Protecting remote workforces with Faronics’ Deep Freeze

Faronics’ Deep Freeze application is an industry-leading reboot-to-restore platform that boasts a variety of advanced management capabilities. Using Deep Freeze, IT administrators can remotely manage OS and software patches, reverse malicious changes to computers, eliminate zero-day threats and more. By ensuring 100% workstation recovery with every restart, this application can help reduce the volume of IT tickets and minimize employees’ reliance on in-house tech support.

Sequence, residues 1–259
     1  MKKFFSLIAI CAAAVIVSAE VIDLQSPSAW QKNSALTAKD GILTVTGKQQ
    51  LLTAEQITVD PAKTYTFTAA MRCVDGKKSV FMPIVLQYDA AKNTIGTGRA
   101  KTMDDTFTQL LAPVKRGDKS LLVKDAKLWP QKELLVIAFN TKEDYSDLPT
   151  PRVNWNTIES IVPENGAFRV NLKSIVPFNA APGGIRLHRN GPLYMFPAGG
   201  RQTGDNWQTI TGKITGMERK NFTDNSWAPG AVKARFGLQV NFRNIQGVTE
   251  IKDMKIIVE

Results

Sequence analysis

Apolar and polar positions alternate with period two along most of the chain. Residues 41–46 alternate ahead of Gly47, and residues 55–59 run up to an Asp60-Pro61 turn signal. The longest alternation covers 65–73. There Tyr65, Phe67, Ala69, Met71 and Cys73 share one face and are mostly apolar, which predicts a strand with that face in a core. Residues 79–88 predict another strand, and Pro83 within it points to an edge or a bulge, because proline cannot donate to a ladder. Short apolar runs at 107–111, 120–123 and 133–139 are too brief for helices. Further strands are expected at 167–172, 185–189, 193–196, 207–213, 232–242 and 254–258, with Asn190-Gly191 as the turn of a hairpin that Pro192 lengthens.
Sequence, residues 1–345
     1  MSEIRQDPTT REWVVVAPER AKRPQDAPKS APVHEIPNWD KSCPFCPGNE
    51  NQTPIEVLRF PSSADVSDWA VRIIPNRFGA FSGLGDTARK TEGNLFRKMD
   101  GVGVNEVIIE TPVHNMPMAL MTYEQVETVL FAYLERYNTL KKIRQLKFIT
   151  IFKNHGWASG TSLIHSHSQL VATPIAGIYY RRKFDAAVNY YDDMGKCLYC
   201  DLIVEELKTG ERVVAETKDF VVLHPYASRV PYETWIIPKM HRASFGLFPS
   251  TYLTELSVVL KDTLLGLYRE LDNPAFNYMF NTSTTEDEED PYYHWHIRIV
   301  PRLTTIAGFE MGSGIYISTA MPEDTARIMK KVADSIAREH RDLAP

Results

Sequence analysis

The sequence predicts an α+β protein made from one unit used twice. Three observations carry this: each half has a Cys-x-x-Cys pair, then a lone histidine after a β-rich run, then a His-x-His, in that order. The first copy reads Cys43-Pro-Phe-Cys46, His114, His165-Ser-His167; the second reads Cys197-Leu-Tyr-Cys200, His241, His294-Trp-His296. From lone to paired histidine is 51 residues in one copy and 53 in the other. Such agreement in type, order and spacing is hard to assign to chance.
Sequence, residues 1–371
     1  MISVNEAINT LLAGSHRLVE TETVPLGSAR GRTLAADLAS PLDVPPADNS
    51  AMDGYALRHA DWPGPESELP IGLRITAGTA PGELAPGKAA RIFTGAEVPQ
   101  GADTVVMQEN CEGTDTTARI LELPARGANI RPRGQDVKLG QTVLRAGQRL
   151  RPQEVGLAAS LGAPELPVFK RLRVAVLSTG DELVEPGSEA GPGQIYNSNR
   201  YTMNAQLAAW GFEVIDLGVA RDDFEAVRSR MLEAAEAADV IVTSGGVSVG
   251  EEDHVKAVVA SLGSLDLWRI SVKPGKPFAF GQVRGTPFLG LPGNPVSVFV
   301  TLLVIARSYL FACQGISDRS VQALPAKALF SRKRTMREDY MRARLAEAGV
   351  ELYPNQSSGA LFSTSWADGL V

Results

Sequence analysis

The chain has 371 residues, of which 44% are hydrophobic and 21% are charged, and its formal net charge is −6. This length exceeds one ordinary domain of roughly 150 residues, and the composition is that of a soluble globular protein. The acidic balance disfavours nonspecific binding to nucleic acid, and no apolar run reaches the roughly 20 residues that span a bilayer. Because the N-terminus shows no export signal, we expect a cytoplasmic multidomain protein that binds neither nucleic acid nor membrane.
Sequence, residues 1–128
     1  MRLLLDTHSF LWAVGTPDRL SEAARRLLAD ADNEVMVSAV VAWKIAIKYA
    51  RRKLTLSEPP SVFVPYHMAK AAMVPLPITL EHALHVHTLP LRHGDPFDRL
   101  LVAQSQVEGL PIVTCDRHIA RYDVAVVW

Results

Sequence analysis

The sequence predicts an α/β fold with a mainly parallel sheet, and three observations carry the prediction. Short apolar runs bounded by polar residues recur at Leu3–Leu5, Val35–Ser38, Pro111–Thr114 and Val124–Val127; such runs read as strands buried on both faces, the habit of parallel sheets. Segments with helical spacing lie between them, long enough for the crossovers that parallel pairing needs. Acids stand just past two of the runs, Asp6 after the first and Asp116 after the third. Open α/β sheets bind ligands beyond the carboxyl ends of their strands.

To learn more, browse through our brochure or start a free trial today.

About The Author

Matt Williams

A self-proclaimed ‘tech geek’, Matt has worked in technology for a decade and divides his time between blogging and working in IT. A huge New York Giants fan, expert on Reboot Restore Technology when not watching football Matt gets his game on playing Call of Duty with his friends and other tech bloggers.